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States Urge Supreme Court To Review Maryland’s Strictest Gun Law 

A group of 25 states signed the petition, including Arizona, West Virginia, New Hampshire, Ohio, Florida, and Montana


A coalition of twenty-five states filed a brief with the Supreme Court urging the justices to review a case challenging Maryland’s strictest gun law.

The Fourth Circuit Court of Appeals upheld Maryland’s Firearms Safety Act of 2013 in September of 2021. 

The law requires state residents to take safety training courses and submit to fingerprinting to get a firearm license and to purchase a pistol.

The law includes a definition of assault weapons and limits magazine capacity to 10 rounds of ammunition. The policy also virtually bans the sale, transfer, or receipt of a semi-automatic weapon. This includes AR-15 and similar rifles.

West Virginia, Arizona, and 23 other states have asked the nation’s highest court to review Bianchi v. Frosh, the case challenging the law. They believe the law infringes on Americans’ constitutional right to bear arms by restricting what guns lawful citizens may possess.

“Americans do not require approval from a local jurisdiction to exercise their constitutional rights,” said Arizona Attorney General Mark Brnovich in a press release on Jan. 27. “We must vigorously oppose this type of misguided overreach at all levels of government.”

West Virginia Attorney General Patrick Morrisey echoed this sentiment.  

“Banning certain types of firearms goes against Supreme Court precedent and steps on the Second Amendment,” he said in a statement. “Law-abiding gun owners routinely use these firearms for self-defense or sporting. Such an unconstitutional act cannot stand.”

The group says that 43 states allow guns, which are “common to the point of ubiquity,” that Maryland’s law seeks to ban.

The law also bans firearm features including folding stocks and flash hiders, which the state contends increase gun safety.

According to the brief, the 25 states “protect public safety and advance citizen interests by allowing individuals to lawfully possess and use arms the challenged Maryland law would ban.”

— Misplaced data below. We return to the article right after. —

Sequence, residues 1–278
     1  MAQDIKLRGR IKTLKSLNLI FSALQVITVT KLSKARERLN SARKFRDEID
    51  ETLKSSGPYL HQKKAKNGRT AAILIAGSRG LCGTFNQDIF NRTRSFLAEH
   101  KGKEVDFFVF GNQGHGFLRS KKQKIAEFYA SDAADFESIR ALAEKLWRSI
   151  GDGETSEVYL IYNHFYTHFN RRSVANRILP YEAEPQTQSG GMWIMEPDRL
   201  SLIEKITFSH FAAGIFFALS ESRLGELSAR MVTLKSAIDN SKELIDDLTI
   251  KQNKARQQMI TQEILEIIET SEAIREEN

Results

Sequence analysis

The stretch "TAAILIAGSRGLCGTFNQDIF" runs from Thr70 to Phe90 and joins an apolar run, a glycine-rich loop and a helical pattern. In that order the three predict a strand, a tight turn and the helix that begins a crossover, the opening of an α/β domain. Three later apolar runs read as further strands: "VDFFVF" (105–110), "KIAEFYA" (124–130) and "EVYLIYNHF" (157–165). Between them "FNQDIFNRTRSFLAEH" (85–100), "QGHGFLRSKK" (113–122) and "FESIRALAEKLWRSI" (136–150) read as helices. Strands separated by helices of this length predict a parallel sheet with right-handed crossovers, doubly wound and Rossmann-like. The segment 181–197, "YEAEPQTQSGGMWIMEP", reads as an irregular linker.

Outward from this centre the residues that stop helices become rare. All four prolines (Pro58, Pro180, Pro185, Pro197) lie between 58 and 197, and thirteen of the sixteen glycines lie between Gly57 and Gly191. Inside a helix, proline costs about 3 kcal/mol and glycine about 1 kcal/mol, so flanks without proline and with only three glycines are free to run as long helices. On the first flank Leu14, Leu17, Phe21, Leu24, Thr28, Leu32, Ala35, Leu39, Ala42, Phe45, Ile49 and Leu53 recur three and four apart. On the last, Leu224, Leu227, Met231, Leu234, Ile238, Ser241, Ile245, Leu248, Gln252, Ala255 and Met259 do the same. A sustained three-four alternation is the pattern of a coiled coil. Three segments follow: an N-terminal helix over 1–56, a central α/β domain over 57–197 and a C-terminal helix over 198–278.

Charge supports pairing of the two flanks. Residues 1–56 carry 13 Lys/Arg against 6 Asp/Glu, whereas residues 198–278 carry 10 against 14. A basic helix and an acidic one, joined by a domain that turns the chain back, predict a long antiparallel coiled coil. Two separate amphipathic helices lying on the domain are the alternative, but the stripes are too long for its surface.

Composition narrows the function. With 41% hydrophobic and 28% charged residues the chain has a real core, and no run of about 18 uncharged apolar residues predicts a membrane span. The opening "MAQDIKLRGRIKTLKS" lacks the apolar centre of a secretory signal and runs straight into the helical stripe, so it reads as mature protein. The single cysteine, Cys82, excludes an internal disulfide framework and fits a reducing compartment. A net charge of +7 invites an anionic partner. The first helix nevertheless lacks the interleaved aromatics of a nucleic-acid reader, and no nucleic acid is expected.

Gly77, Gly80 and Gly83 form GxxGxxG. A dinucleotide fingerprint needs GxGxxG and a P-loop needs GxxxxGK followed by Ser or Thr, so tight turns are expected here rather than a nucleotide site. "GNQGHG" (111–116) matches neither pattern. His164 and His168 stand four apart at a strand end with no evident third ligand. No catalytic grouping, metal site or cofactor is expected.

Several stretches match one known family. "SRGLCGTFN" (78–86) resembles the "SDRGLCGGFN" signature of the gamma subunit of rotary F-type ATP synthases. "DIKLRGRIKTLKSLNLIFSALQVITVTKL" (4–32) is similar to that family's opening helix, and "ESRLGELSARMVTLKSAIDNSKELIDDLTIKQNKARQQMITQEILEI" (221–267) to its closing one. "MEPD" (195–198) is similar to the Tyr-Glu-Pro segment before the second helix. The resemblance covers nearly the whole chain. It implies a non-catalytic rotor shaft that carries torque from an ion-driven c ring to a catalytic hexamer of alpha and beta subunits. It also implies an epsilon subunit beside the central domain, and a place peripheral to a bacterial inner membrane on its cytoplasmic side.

“States may enact reasonable firearm regulations that do not categorically ban common arms core to the Second Amendment,” the brief says. “But the challenged law fails because it is broadly prohibitive rather than regulatory.”

In addition to West Virginia and Arizona, the request is supported by attorney generals from Alabama, Alaska, Arkansas, Florida, Georgia, Idaho, Indiana, Kansas, Kentucky, Louisiana, Mississippi, Missouri, Montana, Nebraska, New Hampshire, Ohio, Oklahoma, South Carolina,  South Dakota, Texas, Utah, Virginia, and Wyoming.

The states argue that if the Supreme Court does not overturn the appellate court’s ruling, the decision will establish case law in West Virginia, Maryland, North Carolina, South Carolina, and Virginia which have similar laws

The Supreme Court issued an order on Jan. 14 to Maryland Attorney General Brian Frosh compelling him to respond to a pension filed by the plaintiffs.

The Center for American Progress said the 2013 Firearms Safety Act was linked to a reduction “in the trafficking of handguns into the underground crime gun market” and was therefore a benefit to the state. 

The law was enacted in Maryland following the shooting at Sandy Hook Elementary School in Newtown, Connecticut on Dec. 14, 2012.

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